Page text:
Ease of everyday life and fast growth – Helsinki city centre combines top services with first-class brand visibility

The desire to attract employees back to the office made companies compete for inspiring premises in the heart of Helsinki. For companies, the biggest attraction of the city centre is ease – the area charms the employees with its excellent services in close proximity, state-of-the-art transport connections and international atmosphere. 

According to Henri Mikkola, a researcher at the City of Helsinki, the attraction of the city centre comes from the highest quality service offerings in Finland, good accessibility and a wide range of users in the area.

‘Central Helsinki is one of the most interesting urban areas in the Nordic countries, combining marine nature with the beautiful architecture of the Art Nouveau era. The area has a lively working and cultural life as well as top-level innovation activities,’ says Mikkola.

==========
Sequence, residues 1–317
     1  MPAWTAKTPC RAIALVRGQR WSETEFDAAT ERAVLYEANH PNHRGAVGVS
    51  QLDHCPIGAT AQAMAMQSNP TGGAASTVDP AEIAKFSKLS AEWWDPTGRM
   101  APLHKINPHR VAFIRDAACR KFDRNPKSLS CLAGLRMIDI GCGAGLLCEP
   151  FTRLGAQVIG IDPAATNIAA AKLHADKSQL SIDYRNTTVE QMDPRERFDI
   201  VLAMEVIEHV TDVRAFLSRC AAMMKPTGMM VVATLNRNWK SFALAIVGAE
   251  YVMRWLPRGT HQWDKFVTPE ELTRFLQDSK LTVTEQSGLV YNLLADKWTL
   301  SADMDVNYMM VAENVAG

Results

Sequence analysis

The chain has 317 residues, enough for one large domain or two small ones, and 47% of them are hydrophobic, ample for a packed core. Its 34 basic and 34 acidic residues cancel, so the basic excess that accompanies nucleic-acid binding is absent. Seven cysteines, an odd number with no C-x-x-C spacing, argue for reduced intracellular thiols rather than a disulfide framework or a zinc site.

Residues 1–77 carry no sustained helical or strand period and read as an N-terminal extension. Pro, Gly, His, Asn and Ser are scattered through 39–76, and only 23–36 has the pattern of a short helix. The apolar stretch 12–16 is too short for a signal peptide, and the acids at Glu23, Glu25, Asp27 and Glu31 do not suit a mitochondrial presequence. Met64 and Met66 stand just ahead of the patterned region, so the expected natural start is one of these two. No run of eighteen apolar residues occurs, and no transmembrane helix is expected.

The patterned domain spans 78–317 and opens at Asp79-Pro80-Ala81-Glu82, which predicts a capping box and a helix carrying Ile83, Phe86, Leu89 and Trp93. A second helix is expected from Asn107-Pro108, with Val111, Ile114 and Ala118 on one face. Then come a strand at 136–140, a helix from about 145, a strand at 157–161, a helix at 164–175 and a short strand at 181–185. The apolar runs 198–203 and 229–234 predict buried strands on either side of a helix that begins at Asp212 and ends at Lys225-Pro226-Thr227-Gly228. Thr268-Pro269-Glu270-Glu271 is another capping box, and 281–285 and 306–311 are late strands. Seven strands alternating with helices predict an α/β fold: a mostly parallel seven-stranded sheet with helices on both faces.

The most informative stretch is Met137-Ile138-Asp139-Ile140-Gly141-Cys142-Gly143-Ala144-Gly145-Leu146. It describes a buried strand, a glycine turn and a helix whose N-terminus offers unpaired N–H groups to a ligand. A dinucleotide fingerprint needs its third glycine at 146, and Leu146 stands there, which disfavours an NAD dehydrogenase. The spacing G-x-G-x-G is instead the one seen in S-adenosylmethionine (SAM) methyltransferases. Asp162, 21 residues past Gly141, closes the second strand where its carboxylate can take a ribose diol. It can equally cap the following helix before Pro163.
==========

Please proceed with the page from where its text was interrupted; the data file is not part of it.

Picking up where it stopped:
Finland’s most sought-after office area practically means an area of ​​a couple of square kilometres around Helsinki’s main railway station. Almost half of Helsinki’s office jobs are located in the area.

In addition to the demand for business premises, the number of visitors to the city centre has been growing sharply since the pandemic. Since 2021, the number of passengers on Helsinki’s public transport has increased by more than 20% and overnight stays by up to 73%. The number of visitors to cultural and visitor attractions has also doubled in many places, and museums have even set all-time visitor records.

“The number of companies operating in the city centre is constantly increasing.”

‘Capital cities and their centres act as trailblazers and always recover quickly from crises. In the long run, you can always count on the attractiveness and renewal of the city centre,’ says Mikkola.  

Easy and functional everyday life

According to Mikkola, the biggest value the city centre brings to businesses is ease. It is easy to come to the city centre from all directions and all services are located in close proximity to each other. Within a five-minute walk from the compact downtown area, there are as many as 5 shopping centres, 439 restaurants or cafes, and 544 grocery or specialty stores.